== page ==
Inside Germany: the English lawyers’ perspective
"Respect for education and learning, well-trained workforce, benign financing environment, supportive state banks and emphasis on investment"; all reasons why Germany is popular with both investors and law firms. Anna Williams explores the legal scene in Europe's leading economy.
As parts of Europe veer dangerously close to fiscal oblivion and/or societal breakdown, the German economy not only supports low unemployment but continued to grow as others struggled, thanks to healthy domestic demand and an impressive export book. It is little wonder that so many of the firms offering UK training contracts have offices in Germany, several of them offering trainee and associate secondment opportunities.
To help me understand what makes the German economy and its legal market tick, I spoke to Simon Beddow, the head of Ashurst's European corporate practice. In 2005 he began managing the firm's Munich and Frankfurt offices, living half of the week in each city. In four years, he learned a great deal about the diminishing differences between UK and German commercial legal practice. He also earned the firm the nickname 'The People's Republic of Ashurst', following an article in German magazine JUVE, which picked up on his mission to introduce the use of first names in the office and replace the formal 'Sie' with the informal 'Du' when addressing a person. Historically, most of the best lawyers would be addressed as Herr Doktor or Frau Doktor, following the long route to legal qualification. "Whereas a newly qualified solicitor in the UK might be as young as 24 or 25, in Germany, you're probably 30 before you get out onto the dance floor."
German legal advice was seen by some non-German clients as protracted and judicial in approach - much like its qualification route - and certainly not as results focused as it would be from UK or American lawyers. Simon explains: "In the 1990s, as more deals became cross-border, there was a degree of frustration with traditional German law firms. They weren't sufficiently client friendly, in the sense that they didn't offer a round-the-clock service or provide clients with access to lawyers' direct dials or mobile phones. When private equity money started moving into Germany, those clients said to firms like ours, 'We want you to do these deals for us'."
Simon is keen to point out that "the Germans are a hugely adaptable people. If it requires English to sell something, then they will speak in English. Of the 225 people in our German offices during my tenure, there were two other Brits apart from me and every one of the remaining 222 people spoke fluent English". It's more than just the lingua franca in many corporate law firms: "Transactions are heavily influenced by English and American deal technology. Obviously there are distinct bits of German law, but anyone from London working in a German corporate or finance team will see the same things they would back at home. Some deals are even conducted using English law." Simon met people who had worked in Frankfurt for over a decade who professed to speak no German whatsoever: "You can definitely go out there as a trainee and work with no language skills, and that's not possible in Paris, Madrid or Milan. I went not speaking a word of German."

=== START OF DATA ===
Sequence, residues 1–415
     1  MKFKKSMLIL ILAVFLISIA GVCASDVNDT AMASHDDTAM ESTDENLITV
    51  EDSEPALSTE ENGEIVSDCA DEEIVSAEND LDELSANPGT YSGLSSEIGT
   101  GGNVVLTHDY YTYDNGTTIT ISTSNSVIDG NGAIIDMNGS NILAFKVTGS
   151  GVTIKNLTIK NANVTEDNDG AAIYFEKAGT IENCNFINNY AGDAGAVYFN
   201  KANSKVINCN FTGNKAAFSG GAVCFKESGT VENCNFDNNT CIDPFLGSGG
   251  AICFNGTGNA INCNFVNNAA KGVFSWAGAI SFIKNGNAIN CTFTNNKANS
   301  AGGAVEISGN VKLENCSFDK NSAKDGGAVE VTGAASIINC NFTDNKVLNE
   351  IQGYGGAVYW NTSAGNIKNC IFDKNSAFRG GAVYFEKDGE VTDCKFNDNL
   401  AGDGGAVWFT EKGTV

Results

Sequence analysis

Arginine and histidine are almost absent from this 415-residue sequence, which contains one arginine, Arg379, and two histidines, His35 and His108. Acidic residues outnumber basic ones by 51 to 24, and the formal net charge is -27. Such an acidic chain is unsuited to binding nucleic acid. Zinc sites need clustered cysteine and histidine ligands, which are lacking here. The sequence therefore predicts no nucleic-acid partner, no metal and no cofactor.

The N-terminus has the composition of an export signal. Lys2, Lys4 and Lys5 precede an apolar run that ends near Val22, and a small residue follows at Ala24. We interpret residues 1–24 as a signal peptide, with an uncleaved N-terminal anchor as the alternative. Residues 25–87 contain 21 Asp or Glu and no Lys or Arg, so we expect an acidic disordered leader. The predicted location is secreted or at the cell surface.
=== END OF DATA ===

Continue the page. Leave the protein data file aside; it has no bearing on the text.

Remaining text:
Simon encountered the legendary German efficiency pretty quickly: "It's an old stereotype, but they are organised and they do have a different working mentality. It's in at 8:30am and no mucking about, so that means less chatter around the water cooler. They also don't like to have meetings unless there's a purpose. You need to be well prepared to be effective, and if a meeting drags on then there's a sense that you weren't prepared for it." Simon recalls a meeting he scheduled soon after arriving in Germany. He turned up five minutes late to an empty room, as everyone had assumed his absence at the appointed time signalled cancellation.
It's easy to assume that Germany is a successful capitalist economy: "It is in fact a social democratic country: in industry, workers and management engage together in long-term planning. Many businesses are still owned by families and therefore the owners have a sense of trusteeship or guardianship. This influences how they plan and do things, and any risks are very calculated. It's a more cooperative economy than the UK, although we've recently seen this type of cooperation at work in relation to the Vauxhall plant in Ellesmere Port, where expectations of workers and management have been recast."
Apparently the pre-2008 corporate borrowing binge was shocking to many German business people. "They come from a completely different angle. People asked me, 'How can you gear a business to that extent?' German businesses' plans are typically more cautious, slower and steadier." Despite all this, there's a huge number of UK and American-headquartered firms operating in German cities. The table below shows all firms offering UK training contracts and the cities they operate in. A few have trainee secondment programmes from the UK to Germany.
As for why no single city dominates to the same extent that London dominates the UK's commercial legal market, Simon explains that it goes deeper than regional pride and loyalty (although this is very strong): "Germany is a completely decentralised country and economy. It used to be the case that you couldn't have a Bavarian firm in partnership with a firm in Nordrhein-Westfalen, for example, because each federal state had its own separate Bar. That meant pan-German firms weren't possible. This didn't apply to the legal departments of major corporates like BMW, Siemens or Bosch, who could centralise their lawyers in a head office. It's typical for large German corporates to have massive legal departments with brilliant lawyers, and being a head of one of these collosal legal teams is absolutely on a par with being a partner at a top German firm. In Munich, for example, if BMW's legal department were a law firm, it would be the biggest in Bavaria."